Becoming Clementine

By Jennifer Niven
Published on September 25 2012
Published by Plume
Source: e-ARC from publisher
After delivering a B-17 Flying Fortress to Britain, an American volunteers to copilot a plane carrying special agents to their drop spot over Normandy. Her personal mission: to find her brother, who is missing in action. Their plane is shot down, and only she and five agents survive. Now they are on the run for their lives.

As they head to Paris, the beautiful aviatrix Velva Jean Hart becomes Clementine Roux, a daring woman on an epic adventure with her team to capture an operative known only as "Swan." Once settled on Rue de la Néva, Clementine works as a spy with the Resistance and finds herself falling in love with her fellow agent, Émile, a handsome and mysterious Frenchman with secrets of his own. When Clementine ends up in the most brutal prison in Paris, trying to help Émile and the team rescue Swan, she discovers the depths of human cruelty, the triumph of her own spirit, and the bravery of her team, who will stop at nothing to carry out their mission.
I've had this book (e-)sitting around to read for a while now, but I promised myself I wouldn't do it until I could keep myself from comparing it to Code Name Verity, which is also about women pilots and spies in World War II.  Other than a few surface type similarities, the books are nothing alike, and it wasn't fair to Becoming Clementine if I read it expecting it to be something it wasn't.

Anyhow, months and months later I finally got over myself and was so glad that I did, because this is a very touching story.  I got a little choked up more than once, and I also pulled a "stay up until 1 am finishing the book" thing, too, because I needed to know how it ended.  Becoming Clementine is actually the third in a series of novels about Velva Jean Hart, but it works very well as a stand-alone.  I've never read any of the other books and had no problems diving right in.  Enough of her backstory is explained throughout the book, and Velva Jean herself is a very strong character, so you have no problem getting an idea of who she is or where she's come from.

I really loved this book.  Velva Jean is a woman who knows herself and knows what she wants.  The first two books in the series apparently cover her coming-of-age, showing from how she went from being a little girl in North Carolina to a poised, fearless woman flying across the ocean.  She proves herself time and time again to not be a burden like many of the men in the war think she is going to be.  She is smart, resourceful, and resilient even in the face of great danger.  She has a great narrative voice as she speaks to her inner thoughts, her greatest fears, her secrets while she is posing as Clementine in France.  I do wish that she had more to do; she spends a lot of time hiding and waiting for things to happen, but I also suspect that's what life was really like then -- a lot of waiting and hiding in plain sight.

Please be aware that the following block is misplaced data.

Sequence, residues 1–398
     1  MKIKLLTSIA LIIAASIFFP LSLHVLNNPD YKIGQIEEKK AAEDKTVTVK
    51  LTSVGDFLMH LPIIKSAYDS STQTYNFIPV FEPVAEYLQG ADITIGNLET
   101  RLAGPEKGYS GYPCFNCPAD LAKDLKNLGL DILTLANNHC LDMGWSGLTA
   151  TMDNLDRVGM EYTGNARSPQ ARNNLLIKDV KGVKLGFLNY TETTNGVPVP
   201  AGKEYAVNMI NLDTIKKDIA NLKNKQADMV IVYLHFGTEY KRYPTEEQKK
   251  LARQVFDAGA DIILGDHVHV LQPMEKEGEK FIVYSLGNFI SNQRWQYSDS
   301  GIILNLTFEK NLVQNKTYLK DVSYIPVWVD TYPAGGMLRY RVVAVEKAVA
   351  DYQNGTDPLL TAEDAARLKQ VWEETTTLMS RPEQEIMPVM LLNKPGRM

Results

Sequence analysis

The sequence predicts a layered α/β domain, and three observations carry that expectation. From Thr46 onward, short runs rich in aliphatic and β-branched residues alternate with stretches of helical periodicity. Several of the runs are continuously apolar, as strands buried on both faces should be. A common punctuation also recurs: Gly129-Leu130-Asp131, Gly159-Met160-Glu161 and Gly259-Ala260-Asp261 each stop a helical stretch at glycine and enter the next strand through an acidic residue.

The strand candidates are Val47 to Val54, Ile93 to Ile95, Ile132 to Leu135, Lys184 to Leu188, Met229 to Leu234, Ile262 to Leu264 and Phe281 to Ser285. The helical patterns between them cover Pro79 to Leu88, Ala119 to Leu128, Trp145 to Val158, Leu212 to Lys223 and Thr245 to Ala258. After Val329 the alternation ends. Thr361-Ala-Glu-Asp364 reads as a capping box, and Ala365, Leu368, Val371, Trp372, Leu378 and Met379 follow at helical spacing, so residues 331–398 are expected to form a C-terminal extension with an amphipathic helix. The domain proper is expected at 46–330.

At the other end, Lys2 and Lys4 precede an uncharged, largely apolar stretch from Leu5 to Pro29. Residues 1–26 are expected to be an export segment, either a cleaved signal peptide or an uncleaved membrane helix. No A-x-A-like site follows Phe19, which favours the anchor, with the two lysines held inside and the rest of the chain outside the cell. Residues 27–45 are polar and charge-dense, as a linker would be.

The romance in this book is realistic, especially considering that there's a war on and that everyone's lives are in danger all the time.  I might have had different thoughts on it had I read either of the previous books and knew more about Velva Jean's prior love interests, but I thought Emile was an interesting character, even if he kept his feelings buried deep down inside.  I actually have a lot of feelings on the romance and how things are left at the end of the book, but as they're spoilers, I'll keep them to myself.

Although this book is not marketed as YA, I didn't feel like it was that different in tone or content from what we've come to expect from most contemporary YA books.  There is a lot of profanity and war-related violence/injuries, and some kissing.  (Anything steamier is alluded to but not described.)  I highly recommend this book to anyone who wants to read about a strong female character who goes through a lot but never loses herself in the process.  I plan on seeking out the other books in this series and will keep an eye out for follow-up novels in the future!

No comments:

Post a Comment

BLOG DESIGN BY DESIGNER BLOGS